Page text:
Mucinous cystadenoma of the appendix presenting as an umbilical hernia: A case report

  • Authors:
    • Bingbing Ren
    • Xiangchao Meng
    • Zi Cao
    • Chunli Guo
    • Zili Zhang
  • View Affiliations

  • Published online on: April 26, 2016     https://doi.org/10.3892/ol.2016.4501
  • Pages: 4200-4202
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Abstract

Mucinous cystadenoma of the appendix is a rare condition that develops as a result of proliferation of mucin‑secreting cells in an occluded appendix. Mucinous cystadenoma of the appendix presenting as an umbilical hernia is a rare clinical entity. The most common causes of this condition are known to be ascites, hepatitis and cirrhosis; however, the patient in the present study, was diagnosed as hepatitis‑ and cirrhosis‑negative, with no history of chronic coughing or constipation. The aim of the present study was to report a rare case of mucinous cystadenoma of the appendix presenting as an umbilical hernia in a 66‑year‑old female patient. The patient had a 6‑month history of a reducible mass in the umbilical region and was diagnosed with umbilical hernia. Computed tomography and ultrasonography were performed and revealed massive ascites. Ultimately, a laparoscopic appendectomy was performed and borderline mucinous appendiceal cystadenoma of low malignant potential was confirmed. In addition, the present study discussed the association between mucinous cystadenoma of the appendix and umbilical hernia, as well as the diagnostic process and treatment strategies.

Introduction

Umbilical hernia is a common surgical complication, with ~10% of all primary hernias comprised of umbilical and epigastric hernias (1). According to the European Hernia Society classification, abdominal wall hernias located 3 cm above to 3 cm below the umbilicus are defined as umbilical hernia (2). In adults, intra-abdominal hypertension is a major cause of umbilical hernia (3). Predisposing factors for intra-abdominal hypertension include obesity, pregnancy or ascites. There are two primary repair options for umbilical hernias: Suture and mesh. Currently, due to low recurrence rates, mesh reinforcement is recommended (4). Mucocele of the appendix is a descriptive term that implies a dilated appendiceal lumen caused by abnormal accumulation of mucus (5). Mucinous cystadenoma is the most common cause of mucoceles of the appendix (63–84%) (6), and can generate a large amount of ascites. An appendiceal mucocele is a rare condition that is observed in 0.2–0.6% of all appendectomy specimens (7). Mucinous cystadenoma of the appendix is a rare clinical entity with symptoms that can vary, which poses a diagnostic challenge (8). Appendectomy is advised for focal or diffuse mucosal hyperplasia and cystadenoma when the appendiceal base is intact. Cecal resection is performed for cystadenoma with a large base and right colectomy is recommended for cystadenocarcinoma (9). In the present case, the increased abdominal pressure followed by the accumulation of ascites contributed to the occurrence of an umbilical hernia.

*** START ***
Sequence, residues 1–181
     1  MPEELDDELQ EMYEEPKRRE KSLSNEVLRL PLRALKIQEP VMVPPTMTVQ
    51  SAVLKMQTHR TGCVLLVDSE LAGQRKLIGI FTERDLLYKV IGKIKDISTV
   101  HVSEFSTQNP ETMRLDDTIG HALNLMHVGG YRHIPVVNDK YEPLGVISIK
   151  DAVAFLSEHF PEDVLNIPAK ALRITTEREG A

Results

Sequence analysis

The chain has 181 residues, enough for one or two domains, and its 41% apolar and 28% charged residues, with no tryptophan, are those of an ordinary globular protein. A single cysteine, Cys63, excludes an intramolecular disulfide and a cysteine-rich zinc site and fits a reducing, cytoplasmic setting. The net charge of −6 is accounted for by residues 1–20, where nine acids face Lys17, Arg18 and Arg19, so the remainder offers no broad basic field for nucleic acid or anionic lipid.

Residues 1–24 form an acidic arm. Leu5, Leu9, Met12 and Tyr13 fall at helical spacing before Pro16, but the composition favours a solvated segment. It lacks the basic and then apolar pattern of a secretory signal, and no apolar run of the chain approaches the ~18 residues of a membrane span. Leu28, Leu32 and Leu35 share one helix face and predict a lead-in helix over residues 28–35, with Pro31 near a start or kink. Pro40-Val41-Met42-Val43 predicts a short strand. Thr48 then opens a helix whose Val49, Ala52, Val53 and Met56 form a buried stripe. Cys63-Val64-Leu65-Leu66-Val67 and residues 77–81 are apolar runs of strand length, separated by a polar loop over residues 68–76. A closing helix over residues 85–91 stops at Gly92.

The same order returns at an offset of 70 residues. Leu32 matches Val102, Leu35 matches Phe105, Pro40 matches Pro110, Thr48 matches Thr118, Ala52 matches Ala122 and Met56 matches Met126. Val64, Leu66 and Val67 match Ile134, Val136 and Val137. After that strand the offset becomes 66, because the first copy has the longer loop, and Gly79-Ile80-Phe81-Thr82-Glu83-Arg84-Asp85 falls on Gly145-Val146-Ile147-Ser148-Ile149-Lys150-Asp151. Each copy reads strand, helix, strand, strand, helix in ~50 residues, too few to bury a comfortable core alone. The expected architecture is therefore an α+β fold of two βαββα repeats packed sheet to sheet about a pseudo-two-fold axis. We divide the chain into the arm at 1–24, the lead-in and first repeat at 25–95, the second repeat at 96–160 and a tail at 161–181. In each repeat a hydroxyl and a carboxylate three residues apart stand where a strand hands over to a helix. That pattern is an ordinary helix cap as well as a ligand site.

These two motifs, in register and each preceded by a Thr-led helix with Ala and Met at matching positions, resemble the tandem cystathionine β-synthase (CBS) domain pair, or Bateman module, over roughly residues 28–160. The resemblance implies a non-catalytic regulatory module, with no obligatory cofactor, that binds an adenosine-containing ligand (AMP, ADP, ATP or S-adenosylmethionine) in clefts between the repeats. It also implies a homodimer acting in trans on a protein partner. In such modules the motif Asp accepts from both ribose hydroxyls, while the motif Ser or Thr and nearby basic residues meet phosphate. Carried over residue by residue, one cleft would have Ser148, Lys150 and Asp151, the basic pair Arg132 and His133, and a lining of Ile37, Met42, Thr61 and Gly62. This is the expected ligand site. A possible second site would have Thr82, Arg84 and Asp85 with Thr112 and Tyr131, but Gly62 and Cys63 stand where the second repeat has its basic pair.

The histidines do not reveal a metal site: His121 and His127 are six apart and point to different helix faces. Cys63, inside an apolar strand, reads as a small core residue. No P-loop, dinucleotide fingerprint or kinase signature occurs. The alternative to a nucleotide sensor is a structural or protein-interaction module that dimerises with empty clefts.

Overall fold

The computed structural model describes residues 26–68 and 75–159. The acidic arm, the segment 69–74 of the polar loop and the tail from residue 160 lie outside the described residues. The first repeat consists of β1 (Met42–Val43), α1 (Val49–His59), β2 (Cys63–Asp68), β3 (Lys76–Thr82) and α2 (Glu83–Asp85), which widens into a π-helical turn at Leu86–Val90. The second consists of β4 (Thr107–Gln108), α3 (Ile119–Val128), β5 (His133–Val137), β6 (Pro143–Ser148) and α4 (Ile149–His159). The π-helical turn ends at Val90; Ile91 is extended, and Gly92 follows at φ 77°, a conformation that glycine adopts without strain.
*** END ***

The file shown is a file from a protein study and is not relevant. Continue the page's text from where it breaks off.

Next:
Case report

A 66-year-old female was admitted to the Third Central Hospital of Tianjin (Tianjin, China) on 3 September 2014, presenting with a 6-month history of a reducible mass in the umbilical region. A tentative diagnosis of an umbilical hernia was formed. The patient had no history of chronic coughing or constipation. Local examination revealed a large umbilical hernia (3 cm in diameter) when standing. Further examination revealed a distended and soft abdomen with no signs of tenderness or rebound tenderness, and no palpable mass or presence of shifting dullness. The patient was confirmed to be negative for hepatitis and cirrhosis. Tumor marker test results were as follows: Cancer antigen (CA)72-4, 28.98 U/ml (normal range, <8.20 U/ml); CA-125, 40.21 U/ml (normal range, <35.00 U/ml); and carcinoembryonic antigen (CEA), 11.55 ng/ml (normal range, <5.00 ng/ml). Ultrasonography showed massive ascites and disclosed no abnormalities in the liver, gallbladder, pancreas and spleen. Increased levels of CA72-4, CA-125, CEA may indicate the existence of coeliac or gynecological diseases. Computed tomography (CT) of the abdomen using a SOMATOM Definition Flash CT scanner (Siemens Healthcare AG, Munich, Germany) showed the following: i) An umbilical hernia with abdominopelvic effusion (Fig. 1); ii) diffuse peritoneal and omental thickening and calcification (Fig. 2); and iii) a cystic mass arising from the cecum, with calcification observed on the inside (Fig. 3). Due to the increased levels of tumor markers, abdominopelvic effusion and the imaging results, a laparoscopic exploration was performed to identify the primary cause of the hernia. During surgery, a yellow, jelly-like fluid filling the abdominal cavity and a swollen appendix wrapped with mucus and calcification were observed. Densely calcified foci were interspersed among the omentum, mesentery and lower abdominal wall. No uterine or ovarian abnormalities were found. Next, a laparoscopic appendectomy was performed. The intraoperative histopathological diagnosis was that of mucinous cystadenoma of the appendix with malignant potential. The postoperative pathological features included a single layer of tall mucus-secreting adenoma cells, large amounts of mucin filling the lumen and scant mucinous epithelium with low-grade dysplasia presented in mucinous pools. However, no invasive lesions were observed. Therefore, the post-operative pathology results diagnosed a borderline mucinous appendiceal cystadenoma of low malignant potential. No complications were observed in the post-operative period, and the patient had no recurrent disease at 1 year follow-up. The present study was approved by the Ethics Committee of the Third Central Hospital of Tianjin and written informed consent was obtained from the patient and her family.